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631 - 640 of 776 results for: all courses

POLISCI 246P: The Dynamics of Change in Africa (AFRICAST 301A, HISTORY 246, HISTORY 346, POLISCI 346P)

Crossdisciplinary colloquium; required for the M.A. degree in African Studies. Open to advanced undergraduates and PhD students. Addresses critical issues including patterns of economic collapse and recovery; political change and democratization; and political violence, civil war, and genocide. Focus on cross-cutting issues including the impact of colonialism; the role of religion, ethnicity, and inequality; and Africa's engagement with globalization.
Terms: Aut | Units: 4-5 | UG Reqs: WAY-SI
Instructors: Roberts, R. (PI)

POLISCI 291: Political Institutions

This course focuses on the role of political institutions in shaping policy outcomes around the world, with special attention to the United States. Students will become familiar with a wide range of theoretical approaches to the study of institutions, and they will learn the basics of applied quantitative empirical analysis. Enrollment is restricted to Political Science Research Honors Track students.
Terms: Win | Units: 5 | UG Reqs: WAY-SI
Instructors: Hall, A. (PI)

POLISCI 292: Political Behavior

This research seminar will survey important topics in the study of mass political behavior including public opinion, political participation, partisanship and voting. Open only to students in the Political Science Research Honors Track.
Terms: Win | Units: 5 | UG Reqs: WAY-AQR, WAY-SI

POLISCI 293: Research Design

This course is designed to teach students how to design a research project. The course emphasizes the specification of testable hypotheses, the building of data sets, and the inferences from that may be drawn from that evidence. It is only open to students in the PS Research Honors Track.
Terms: Spr | Units: 5 | UG Reqs: WAY-SI

PSYCH 1: Introduction to Psychology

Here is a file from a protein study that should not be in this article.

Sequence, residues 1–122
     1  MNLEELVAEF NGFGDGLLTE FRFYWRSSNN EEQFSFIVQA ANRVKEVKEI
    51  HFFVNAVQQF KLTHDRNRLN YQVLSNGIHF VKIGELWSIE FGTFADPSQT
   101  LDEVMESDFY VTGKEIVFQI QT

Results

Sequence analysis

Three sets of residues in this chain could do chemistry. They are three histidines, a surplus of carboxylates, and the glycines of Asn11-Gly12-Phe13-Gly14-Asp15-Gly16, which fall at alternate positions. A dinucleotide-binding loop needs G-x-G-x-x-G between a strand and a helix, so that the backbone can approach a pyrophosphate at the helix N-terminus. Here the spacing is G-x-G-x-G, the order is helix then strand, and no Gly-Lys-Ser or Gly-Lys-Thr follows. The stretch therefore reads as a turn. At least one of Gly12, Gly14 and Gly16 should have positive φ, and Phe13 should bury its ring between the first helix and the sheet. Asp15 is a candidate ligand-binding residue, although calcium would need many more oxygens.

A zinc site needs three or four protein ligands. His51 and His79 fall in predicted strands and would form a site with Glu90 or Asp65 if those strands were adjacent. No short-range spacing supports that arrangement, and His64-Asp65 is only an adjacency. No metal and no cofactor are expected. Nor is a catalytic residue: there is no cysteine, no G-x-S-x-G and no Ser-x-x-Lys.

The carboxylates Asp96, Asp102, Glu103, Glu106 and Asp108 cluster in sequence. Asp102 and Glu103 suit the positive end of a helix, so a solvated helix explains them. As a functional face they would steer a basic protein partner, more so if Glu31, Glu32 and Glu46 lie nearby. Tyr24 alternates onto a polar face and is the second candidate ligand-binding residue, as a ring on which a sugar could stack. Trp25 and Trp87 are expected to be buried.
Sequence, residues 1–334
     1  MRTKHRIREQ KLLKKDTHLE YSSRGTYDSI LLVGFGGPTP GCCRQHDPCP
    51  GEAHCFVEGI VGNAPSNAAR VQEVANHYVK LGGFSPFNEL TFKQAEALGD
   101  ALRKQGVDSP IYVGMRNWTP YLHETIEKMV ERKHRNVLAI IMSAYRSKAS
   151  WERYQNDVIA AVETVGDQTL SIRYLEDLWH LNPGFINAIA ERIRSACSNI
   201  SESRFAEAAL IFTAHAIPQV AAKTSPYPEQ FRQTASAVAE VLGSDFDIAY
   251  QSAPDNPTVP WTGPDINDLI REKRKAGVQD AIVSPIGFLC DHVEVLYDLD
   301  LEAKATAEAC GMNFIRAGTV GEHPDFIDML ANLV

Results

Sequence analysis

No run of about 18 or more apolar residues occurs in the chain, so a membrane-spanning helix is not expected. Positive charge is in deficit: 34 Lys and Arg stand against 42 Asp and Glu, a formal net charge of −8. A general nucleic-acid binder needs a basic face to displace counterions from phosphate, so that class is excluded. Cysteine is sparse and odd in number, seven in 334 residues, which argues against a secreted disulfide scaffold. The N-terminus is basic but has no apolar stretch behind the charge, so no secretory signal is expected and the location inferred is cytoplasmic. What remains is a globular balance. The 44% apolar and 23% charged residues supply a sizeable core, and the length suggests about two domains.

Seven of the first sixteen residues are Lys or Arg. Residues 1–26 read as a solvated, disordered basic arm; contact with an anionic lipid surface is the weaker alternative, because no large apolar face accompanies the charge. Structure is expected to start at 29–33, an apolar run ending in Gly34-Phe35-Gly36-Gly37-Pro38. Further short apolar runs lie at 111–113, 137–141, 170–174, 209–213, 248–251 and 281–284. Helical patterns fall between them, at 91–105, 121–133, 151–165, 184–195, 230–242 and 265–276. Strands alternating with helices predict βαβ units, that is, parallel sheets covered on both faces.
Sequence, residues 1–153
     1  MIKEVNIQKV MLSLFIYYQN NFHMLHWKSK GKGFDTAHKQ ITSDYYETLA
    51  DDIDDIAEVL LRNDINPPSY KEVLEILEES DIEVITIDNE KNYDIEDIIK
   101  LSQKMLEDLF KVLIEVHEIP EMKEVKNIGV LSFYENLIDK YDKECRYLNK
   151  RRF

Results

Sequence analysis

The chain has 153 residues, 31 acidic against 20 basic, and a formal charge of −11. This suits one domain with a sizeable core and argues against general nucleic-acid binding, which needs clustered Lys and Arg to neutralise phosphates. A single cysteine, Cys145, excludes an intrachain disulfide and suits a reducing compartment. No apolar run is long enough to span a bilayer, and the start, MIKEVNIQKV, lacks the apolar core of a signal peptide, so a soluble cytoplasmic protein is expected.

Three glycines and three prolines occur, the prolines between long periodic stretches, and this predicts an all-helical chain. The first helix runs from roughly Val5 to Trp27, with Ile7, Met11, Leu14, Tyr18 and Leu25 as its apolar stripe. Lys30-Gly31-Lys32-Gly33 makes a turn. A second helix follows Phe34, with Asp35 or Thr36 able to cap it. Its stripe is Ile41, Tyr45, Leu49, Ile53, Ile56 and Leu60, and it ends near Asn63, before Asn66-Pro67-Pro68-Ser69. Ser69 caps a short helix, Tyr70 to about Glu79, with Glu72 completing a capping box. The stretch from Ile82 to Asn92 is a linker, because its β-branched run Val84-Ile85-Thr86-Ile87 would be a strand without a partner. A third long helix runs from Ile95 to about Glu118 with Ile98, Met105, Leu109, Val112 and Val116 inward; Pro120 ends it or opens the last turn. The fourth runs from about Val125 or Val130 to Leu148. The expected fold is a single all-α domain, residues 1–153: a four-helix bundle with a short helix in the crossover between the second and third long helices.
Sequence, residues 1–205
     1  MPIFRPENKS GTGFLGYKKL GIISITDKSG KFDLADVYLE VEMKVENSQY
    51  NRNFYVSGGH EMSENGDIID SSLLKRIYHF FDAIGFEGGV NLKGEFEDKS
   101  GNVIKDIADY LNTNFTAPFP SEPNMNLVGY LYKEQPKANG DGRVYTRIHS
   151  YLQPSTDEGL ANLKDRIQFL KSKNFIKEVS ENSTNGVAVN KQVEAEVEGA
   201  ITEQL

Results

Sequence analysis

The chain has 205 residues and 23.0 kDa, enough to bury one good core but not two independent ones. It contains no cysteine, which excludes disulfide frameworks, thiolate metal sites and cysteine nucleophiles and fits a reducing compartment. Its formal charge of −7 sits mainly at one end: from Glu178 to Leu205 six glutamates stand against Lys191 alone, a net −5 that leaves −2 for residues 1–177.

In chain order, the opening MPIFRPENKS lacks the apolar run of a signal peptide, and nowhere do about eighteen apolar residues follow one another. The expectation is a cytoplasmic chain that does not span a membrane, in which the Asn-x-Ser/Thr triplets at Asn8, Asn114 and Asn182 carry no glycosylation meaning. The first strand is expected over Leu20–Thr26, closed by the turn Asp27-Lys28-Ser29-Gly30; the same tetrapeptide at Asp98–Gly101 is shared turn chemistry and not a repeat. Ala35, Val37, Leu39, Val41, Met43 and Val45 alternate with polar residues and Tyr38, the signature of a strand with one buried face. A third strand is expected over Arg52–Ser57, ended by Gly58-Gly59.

Human behavior and mental processes including the nervous system, consciousness, learning, memory, development, emotion, psychopathology, interpersonal process, society, and culture. Current research.
Terms: Aut, Win, Spr | Units: 5 | UG Reqs: GER:DB-SocSci, WAY-SI

PSYCH 7Q: Language Understanding by Children and Adults

How do we first learn to find meaning in strings of speech sounds? Understanding spoken language requires the rapid integration of acoustic information with linguistic knowledge and with conceptual knowledge based on experience with how things happen in the world. Topics include research on early development of language understanding and laboratory methods of how young children make sense of speech. Observations of preschool children and visits to Stanford laboratories. Might be repeatable for credit.
Last offered: Autumn 2012 | UG Reqs: WAY-SI

PSYCH 8N: The New Longevity

Adult development from the perspective of life-span theory -- a conceptual framework that views development as a series of adaptations to physical, societal and individual resources and constraints. Students will learn about demographic and medical changes, ways that individuals typically change socially, emotionally and cognitively as they move through adulthood. An understanding of the conceptual foundations of the life-span approach and place aging of young people today in historical context.
Last offered: Winter 2015 | UG Reqs: GER:DB-SocSci, WAY-SI

PSYCH 11N: Origin of Mental Life

Preference to freshmen. Mental life in infancy; how thinking originates. How do babies construe the objects, events, people, and language that surround them? Recent advances in psychological theory, hypotheses, and evidence about how the infant human mind develops.
Last offered: Spring 2012 | UG Reqs: GER:DB-SocSci, WAY-SI

PSYCH 12N: Self Theories

Preference to freshmen. The impact of people's belief in a growing versus fixed self on their motivation and performance in school, business, sports, and relationships. How such theories develop and can be changed.
Terms: Aut | Units: 3 | UG Reqs: GER:DB-SocSci, WAY-SI
Instructors: Dweck, C. (PI)

PSYCH 13N: Emotion Regulation

This seminar provides a selective overview of the scientific study of emotion regulation. Topics include: theoretical foundations, cognitive consequences, developmental approaches, personality processes and individual differences, and clinical and treatment implications. Our focus is on interesting, experimentally tractable ideas. Meetings will be discussion based.
Terms: Spr | Units: 3 | UG Reqs: WAY-SI
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